Mrs. Green’s officially confirms purchase of A&P Superfresh stores
SCARSDALE, N.Y. — Natural food retailer Mrs. Green’s Natural Market confirmed its acquisition of seven Superfresh grocery locations in Maryland and one Superfresh location in Washington, D.C., from the Great Atlantic and Pacific Tea Co.
"This investment is part of a strategy to grow our concept in underserved regions," said Matt Williams, CEO of Mrs. Green’s parent company, Natural Market Restaurants. "We have been exploring several options in Maryland and Washington, D.C., and this acquisition is a tremendous first step in providing consumers with healthy, natural and affordable food choices."
As previously reported by Drug Store News, A&P auctioned off 25 Southern Superfresh locations as it implements its financial and operational restructuring.
DXG helps consumers embrace 3-D photography
CITY OF INDUSTRY, Calif. — DXG is helping photo enthusiasts snap and share 3-D pictures with its latest innovation.
The company said that its new DXG-018 3-D pocket camera and viewer brings photography to a new level. The dual-lens 3-D camera snaps color pictures, which are saved onto a SanDisk card (sold separately) and then can be printed on standard 4×6 photo paper.
Pictures automatically print as side-by-side images with dotted lines for optimal cutting and sizing to fit into 3-D cardboard viewers, which are sold with the camera bundle. Once the photos are ready, users can slide them into the viewers and check out the 3D magic, the company said.
“We are excited about the DXG-018 3-D camera and viewer because it makes 3-D technology easy, fun and accessible to every type of consumer, with no 3-D TV required,” DXG USA SVP sales and marketing Paul Goldberg said. “We designed the product with kids in mind, making it extremely easy to use and portable. The cardboard viewers are truly a fun and one-of-a-kind way to share 3-D memories.”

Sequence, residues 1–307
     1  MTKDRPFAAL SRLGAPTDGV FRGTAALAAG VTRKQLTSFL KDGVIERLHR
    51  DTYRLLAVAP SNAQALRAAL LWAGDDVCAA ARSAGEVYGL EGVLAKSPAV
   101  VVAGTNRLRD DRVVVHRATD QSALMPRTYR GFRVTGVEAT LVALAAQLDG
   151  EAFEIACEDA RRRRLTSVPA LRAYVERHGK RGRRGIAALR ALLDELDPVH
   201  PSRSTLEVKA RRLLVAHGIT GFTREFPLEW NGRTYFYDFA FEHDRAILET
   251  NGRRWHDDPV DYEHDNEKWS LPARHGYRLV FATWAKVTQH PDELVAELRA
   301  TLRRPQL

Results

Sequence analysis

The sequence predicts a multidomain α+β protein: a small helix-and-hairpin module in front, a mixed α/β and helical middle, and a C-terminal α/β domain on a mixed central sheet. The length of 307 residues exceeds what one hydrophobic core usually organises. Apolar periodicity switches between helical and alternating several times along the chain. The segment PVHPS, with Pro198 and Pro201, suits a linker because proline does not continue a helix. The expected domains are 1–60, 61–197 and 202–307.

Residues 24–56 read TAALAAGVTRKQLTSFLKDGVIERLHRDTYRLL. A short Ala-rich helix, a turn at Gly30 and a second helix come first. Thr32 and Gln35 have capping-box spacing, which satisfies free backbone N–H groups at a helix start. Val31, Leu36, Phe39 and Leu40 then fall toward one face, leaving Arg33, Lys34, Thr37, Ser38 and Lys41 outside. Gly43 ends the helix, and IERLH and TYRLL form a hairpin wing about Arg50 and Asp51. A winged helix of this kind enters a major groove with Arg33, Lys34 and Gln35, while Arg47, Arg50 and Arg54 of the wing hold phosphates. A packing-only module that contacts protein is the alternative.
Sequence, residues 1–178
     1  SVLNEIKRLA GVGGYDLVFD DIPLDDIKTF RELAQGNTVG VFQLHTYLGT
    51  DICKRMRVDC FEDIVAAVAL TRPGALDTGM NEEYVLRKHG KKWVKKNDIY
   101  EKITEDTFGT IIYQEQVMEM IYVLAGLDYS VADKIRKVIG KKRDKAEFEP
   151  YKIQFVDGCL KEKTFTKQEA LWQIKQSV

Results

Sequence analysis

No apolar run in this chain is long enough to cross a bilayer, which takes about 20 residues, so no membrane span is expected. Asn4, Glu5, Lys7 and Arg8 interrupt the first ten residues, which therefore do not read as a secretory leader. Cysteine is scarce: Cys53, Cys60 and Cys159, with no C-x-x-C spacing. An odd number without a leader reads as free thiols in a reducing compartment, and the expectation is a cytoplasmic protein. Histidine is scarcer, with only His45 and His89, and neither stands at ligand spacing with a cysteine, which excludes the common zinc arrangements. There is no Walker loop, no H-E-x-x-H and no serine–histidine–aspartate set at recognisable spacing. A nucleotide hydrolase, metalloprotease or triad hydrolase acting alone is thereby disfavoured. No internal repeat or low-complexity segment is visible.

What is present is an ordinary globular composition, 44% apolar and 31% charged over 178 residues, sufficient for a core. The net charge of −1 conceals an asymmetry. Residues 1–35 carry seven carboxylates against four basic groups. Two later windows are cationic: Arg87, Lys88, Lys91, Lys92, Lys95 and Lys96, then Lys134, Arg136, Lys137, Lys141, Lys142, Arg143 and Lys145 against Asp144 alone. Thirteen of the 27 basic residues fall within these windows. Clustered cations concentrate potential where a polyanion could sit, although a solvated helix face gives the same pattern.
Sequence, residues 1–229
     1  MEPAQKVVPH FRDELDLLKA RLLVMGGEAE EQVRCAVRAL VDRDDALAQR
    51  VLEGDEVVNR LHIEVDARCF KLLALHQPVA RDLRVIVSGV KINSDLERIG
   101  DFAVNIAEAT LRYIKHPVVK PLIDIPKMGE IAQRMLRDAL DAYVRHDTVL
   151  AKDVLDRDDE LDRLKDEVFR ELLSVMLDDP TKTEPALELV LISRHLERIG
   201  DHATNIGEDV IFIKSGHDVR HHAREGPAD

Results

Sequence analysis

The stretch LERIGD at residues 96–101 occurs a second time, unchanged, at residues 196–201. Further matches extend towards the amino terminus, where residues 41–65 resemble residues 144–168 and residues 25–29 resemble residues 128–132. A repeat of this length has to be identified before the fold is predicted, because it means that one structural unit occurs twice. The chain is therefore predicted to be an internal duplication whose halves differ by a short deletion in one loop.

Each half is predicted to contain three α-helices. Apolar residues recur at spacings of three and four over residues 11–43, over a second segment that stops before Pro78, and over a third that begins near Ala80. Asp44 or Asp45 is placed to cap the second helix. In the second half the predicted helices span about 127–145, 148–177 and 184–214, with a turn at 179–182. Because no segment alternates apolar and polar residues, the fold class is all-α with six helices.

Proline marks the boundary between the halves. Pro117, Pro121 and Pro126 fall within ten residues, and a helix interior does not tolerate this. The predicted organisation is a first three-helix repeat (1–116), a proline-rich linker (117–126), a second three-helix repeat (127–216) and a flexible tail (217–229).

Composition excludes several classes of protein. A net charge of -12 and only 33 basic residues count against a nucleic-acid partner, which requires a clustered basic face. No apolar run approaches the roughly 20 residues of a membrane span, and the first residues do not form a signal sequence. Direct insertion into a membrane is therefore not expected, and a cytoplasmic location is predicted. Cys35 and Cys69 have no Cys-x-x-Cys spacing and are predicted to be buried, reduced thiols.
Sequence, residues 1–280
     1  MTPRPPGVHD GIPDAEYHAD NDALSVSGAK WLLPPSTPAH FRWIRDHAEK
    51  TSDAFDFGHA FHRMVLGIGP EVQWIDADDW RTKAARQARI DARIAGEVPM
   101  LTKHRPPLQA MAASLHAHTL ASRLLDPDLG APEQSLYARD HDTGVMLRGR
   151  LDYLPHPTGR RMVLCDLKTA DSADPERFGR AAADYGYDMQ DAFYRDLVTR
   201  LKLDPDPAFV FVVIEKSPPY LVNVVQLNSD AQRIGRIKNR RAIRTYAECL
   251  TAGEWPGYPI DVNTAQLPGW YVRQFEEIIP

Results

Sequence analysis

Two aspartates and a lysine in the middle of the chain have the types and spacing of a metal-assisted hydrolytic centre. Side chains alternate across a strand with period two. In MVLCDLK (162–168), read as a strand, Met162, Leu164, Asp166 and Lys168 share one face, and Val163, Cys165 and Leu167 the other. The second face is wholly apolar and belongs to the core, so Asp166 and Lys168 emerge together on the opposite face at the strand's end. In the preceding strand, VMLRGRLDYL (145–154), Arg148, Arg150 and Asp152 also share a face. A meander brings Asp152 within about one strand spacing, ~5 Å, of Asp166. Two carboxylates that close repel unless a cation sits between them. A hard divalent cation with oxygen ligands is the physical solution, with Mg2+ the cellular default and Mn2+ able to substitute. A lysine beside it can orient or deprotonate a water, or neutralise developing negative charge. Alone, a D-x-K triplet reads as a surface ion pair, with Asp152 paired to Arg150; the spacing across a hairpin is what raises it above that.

The DXG-018 3-D camera bundle includes three cardboard viewers and retails for $69.99.
Department of Justice Antitrust Division pursues credit card companies
WASHINGTON — One week after the Senate failed to pass an amendment that would have delayed swipe-fee reform for an additional 12 months, the Department of Justice Antitrust Division reportedly is addressing anticompetitive practices related to credit cards.
The agency has submitted a final consent decree in its enforcement action against Visa and MasterCard, according to the Food Marketing Institute.
Swipe fees are charged by banks, which adhere to the fees set by card companies, to process debit card transactions. Swipe fees currently are 1% to 2% of each transaction and often are passed along to customers through higher prices of goods and services.
“This is just a first step, but a vital one, to help alleviate some of the card network restraints on FMI members’ ability to provide discounts to their customers," FMI president and CEO Leslie Sarasin said. "This enforcement action is focused on anticompetitive practices related to credit cards, and re-enforces the need for credit card transactions to be subject to the same reforms authored by [Sen. Dick Durbin, D-Ill., who introduced the Credit Card Fair Fee Act in 2009] related to debit cards. Visa and MasterCard have hundreds of pages of non-negotiable, take-it-or-leave-it network rules that have stifled and continue to stifle market competition.”